Written by: Christopher Llewellyn Reed | December 20th, 2020
Give Me Liberty (Kirill Mikhanovsky, 2019) 3 out of 4 stars.
A simultaneously gentle and manic comedy, Kirill Mikhanovsky’s Give Me Liberty follows a day in the life of Vic, a Russian-American paratransit driver in Milwaukee, Wisconsin, as he struggles to meet the demands of his job and his family, almost losing the former while also alienating the latter. It’s a tough life, blessed though it may be with moments of gratitude from those he serves. On this particular day, however, his passengers are less than thankful for him, given how when one tries to please everybody the usual result is dissatisfaction for all. Still, he’s a sweet-enough guy, crazed though he may be, and that loving heart serves him mostly well, in the end. Along the way, there are adventures and misadventures to be had.
Chris Galust, as Vic, is joined by a large, capable ensemble of players that includes Lauren ‘Lolo’ Spencer and Maxim Stoyanov. Spencer plays Tracy, a regular on the route who is less than thrilled to have not only her pickup delayed, but her ride slowed down, as well, given that Vic has decided to drive a bevy of elderly residents from his apartment complex, including his grandfather, to the funeral of the recently departed Lilya. Stoyanov plays Dima, a mysterious good-time Charlie who shows up claiming to be Lilya’s nephew, hopping on the van, too, and thereafter making a move on every woman he meets (and eating all he can find). Galust’s Vic is both hapless and helpless as we watches events spiral out of control, his boss constantly calling him to get the van back.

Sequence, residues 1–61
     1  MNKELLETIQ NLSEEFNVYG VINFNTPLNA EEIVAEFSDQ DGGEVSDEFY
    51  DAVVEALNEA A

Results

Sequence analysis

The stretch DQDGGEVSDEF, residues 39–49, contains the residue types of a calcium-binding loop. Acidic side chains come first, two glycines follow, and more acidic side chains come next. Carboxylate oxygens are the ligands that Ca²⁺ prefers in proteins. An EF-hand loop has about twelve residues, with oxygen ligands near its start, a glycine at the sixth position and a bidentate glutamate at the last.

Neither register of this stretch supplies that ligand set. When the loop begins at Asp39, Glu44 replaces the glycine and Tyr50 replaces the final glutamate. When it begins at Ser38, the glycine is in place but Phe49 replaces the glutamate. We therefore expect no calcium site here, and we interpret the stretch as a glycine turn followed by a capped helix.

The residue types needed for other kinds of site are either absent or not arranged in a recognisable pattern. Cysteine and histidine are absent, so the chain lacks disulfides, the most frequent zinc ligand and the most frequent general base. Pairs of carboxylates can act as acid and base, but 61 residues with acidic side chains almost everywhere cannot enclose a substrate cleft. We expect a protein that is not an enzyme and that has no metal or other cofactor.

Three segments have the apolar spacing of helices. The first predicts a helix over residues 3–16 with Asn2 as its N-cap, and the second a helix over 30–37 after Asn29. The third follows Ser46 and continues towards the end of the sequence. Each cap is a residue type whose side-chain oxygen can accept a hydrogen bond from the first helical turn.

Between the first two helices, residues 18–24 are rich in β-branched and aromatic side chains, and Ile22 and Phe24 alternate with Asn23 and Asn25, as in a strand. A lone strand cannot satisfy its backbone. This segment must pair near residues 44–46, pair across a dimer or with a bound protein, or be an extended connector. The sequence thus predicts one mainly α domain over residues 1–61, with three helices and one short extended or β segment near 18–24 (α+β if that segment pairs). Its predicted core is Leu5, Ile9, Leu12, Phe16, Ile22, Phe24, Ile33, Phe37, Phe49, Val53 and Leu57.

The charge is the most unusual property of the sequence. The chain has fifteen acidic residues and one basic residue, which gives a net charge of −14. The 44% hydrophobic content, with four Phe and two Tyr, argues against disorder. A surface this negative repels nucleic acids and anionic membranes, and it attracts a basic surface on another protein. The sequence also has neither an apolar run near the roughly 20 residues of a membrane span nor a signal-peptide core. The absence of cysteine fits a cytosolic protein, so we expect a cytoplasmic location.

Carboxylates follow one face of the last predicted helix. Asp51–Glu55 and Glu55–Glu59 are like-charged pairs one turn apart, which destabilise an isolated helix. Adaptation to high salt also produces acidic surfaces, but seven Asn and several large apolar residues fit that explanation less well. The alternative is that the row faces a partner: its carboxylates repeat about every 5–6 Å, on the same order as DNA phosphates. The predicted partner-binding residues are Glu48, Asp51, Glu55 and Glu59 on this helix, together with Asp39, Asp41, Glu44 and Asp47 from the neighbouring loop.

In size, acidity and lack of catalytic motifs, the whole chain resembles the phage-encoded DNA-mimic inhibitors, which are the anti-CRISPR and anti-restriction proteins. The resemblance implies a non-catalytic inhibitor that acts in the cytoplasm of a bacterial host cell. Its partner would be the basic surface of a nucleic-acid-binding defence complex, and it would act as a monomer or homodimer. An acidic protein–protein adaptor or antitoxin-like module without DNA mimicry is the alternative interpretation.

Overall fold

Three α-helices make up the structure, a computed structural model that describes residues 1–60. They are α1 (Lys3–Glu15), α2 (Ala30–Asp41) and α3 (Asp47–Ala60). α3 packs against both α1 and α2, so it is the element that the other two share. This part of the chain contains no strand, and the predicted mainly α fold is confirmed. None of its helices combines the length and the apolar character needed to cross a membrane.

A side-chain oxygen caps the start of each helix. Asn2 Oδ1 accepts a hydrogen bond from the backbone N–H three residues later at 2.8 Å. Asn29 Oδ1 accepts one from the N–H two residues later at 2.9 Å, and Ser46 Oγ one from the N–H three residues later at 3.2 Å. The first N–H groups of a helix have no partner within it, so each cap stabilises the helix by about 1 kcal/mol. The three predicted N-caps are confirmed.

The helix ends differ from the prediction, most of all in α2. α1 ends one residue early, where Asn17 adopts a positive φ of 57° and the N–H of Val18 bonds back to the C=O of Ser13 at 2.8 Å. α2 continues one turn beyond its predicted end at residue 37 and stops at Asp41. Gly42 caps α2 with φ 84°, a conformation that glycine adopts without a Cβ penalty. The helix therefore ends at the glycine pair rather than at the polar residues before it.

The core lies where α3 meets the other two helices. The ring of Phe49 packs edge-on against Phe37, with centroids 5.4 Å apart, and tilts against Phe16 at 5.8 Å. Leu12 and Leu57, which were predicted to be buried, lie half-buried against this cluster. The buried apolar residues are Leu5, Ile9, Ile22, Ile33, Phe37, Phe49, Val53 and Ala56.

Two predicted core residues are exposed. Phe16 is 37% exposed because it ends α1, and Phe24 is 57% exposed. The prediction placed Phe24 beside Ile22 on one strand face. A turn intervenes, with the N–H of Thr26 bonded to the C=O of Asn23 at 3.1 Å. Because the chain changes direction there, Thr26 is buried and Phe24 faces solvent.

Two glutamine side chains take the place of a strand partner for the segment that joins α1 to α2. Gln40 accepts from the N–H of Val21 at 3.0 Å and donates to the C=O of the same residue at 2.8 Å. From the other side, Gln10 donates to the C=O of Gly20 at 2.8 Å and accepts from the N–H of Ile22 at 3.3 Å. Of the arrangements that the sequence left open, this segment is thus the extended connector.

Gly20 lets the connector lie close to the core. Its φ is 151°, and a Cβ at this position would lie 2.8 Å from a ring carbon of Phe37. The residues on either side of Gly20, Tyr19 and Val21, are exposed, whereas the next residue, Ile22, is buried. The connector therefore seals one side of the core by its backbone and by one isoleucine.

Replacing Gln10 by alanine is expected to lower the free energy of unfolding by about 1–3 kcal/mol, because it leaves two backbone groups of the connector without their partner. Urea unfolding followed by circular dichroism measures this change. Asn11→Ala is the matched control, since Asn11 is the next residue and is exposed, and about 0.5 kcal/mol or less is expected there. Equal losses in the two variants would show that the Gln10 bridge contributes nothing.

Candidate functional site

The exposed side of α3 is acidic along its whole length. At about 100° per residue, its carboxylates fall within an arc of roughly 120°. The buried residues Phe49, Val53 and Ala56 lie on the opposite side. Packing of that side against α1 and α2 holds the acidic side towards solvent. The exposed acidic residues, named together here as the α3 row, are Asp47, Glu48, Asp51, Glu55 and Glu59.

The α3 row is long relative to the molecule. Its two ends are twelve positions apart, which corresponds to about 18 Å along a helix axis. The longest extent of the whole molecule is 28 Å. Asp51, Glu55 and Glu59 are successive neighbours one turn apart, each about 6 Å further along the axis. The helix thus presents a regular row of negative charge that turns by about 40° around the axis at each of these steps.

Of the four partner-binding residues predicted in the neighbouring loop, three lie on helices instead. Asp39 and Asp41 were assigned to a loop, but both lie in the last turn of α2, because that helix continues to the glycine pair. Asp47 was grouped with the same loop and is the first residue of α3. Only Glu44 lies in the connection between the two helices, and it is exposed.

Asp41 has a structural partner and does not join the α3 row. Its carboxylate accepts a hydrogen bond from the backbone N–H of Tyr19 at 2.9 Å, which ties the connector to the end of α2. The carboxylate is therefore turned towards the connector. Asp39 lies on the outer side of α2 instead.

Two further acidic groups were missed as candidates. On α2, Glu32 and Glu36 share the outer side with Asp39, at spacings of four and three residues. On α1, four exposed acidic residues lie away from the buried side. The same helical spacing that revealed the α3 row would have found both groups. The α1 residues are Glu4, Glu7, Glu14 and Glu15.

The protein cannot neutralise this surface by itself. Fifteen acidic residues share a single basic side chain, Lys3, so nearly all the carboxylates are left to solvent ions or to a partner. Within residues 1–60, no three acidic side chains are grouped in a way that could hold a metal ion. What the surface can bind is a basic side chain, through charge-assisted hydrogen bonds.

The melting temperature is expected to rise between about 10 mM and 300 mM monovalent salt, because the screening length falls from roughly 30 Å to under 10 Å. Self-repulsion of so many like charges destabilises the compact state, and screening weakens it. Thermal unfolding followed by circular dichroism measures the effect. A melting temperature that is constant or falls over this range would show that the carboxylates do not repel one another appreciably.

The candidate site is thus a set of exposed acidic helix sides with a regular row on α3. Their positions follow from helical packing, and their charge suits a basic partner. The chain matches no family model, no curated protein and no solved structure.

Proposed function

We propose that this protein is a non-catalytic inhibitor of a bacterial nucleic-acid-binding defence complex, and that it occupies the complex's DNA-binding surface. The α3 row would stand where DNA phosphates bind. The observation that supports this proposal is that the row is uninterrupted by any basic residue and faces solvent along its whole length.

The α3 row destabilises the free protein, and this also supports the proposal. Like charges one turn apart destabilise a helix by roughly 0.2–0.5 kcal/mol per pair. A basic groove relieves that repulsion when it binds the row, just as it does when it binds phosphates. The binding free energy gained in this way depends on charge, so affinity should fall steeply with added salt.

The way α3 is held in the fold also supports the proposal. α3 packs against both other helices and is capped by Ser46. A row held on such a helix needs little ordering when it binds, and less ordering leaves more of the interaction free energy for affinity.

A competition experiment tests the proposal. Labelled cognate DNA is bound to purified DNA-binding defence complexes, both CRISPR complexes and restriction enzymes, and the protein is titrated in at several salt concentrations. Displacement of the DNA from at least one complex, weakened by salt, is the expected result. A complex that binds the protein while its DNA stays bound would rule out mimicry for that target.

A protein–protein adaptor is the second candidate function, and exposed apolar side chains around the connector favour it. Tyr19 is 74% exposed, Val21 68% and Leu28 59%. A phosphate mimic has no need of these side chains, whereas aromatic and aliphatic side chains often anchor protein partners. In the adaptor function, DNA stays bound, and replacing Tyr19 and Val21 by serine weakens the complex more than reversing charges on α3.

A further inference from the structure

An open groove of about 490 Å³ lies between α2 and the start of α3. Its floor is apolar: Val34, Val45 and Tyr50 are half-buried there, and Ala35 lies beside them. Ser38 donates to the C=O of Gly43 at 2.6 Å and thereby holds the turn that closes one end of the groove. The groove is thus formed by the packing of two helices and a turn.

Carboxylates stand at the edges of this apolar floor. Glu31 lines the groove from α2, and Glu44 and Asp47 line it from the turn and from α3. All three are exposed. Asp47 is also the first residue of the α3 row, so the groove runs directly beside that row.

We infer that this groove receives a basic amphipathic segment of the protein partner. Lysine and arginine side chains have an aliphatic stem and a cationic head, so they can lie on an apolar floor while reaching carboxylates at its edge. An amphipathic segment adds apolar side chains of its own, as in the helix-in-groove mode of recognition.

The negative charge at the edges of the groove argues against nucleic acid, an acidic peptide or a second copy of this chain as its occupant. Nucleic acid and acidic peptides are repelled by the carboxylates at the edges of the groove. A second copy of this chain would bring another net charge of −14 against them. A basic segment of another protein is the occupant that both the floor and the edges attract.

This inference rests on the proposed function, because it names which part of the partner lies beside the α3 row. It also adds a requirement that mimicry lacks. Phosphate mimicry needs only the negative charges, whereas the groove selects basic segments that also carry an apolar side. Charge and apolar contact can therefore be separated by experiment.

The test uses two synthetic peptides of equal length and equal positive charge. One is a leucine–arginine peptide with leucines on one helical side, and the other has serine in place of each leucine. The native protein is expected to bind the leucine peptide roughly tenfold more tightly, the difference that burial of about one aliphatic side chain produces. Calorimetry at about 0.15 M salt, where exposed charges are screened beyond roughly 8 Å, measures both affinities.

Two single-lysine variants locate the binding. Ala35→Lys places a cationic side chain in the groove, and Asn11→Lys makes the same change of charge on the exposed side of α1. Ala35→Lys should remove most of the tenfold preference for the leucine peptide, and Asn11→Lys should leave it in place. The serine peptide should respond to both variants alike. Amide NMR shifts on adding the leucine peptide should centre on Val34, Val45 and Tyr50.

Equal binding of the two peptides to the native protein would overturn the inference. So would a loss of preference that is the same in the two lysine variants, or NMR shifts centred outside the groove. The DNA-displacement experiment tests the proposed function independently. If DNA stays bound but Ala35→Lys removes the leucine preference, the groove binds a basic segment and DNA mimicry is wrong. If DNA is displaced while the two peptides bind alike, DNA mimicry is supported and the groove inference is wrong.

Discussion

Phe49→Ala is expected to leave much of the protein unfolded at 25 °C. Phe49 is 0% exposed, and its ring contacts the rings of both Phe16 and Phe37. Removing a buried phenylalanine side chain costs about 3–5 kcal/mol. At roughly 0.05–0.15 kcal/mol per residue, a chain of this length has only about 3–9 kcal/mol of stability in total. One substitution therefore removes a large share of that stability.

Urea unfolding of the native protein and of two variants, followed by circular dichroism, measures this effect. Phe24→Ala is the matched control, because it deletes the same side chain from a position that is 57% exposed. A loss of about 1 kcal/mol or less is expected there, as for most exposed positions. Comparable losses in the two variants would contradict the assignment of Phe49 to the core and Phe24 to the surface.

Throughout, we meet a cast of colorful characters that include a racially and ethnically diverse group of working-class folks, people with disabilities and senior citizens, showcasing their individuality, three-dimensionality and fully realized lives. Even at the end, when anti-police protests lead to clashes between Black and white (filmed, interestingly in actual black and white, despite the color cinematography used elsewhere), Mikhanovsky (Dubrovsky) remains interested in highlighting that which brings us all together (while nevertheless supporting the marchers). Give Me Liberty is a paean to the glorious human condition, in all its joy and misery.
Speaking of how the film is shot, there is sometimes almost too much frenetic energy, both the humor and pace pushed beyond its appeal. It’s when the director takes time to slow things down that his story truly comes alive (though the fast driving of the van still impresses). There is liberty in speed, for sure, but also in the embrace of small, quiet moments. May such freedom be ours for the taking, always.
[Starting on December 20, Give Me Liberty streams on MUBI USA for 30 days.]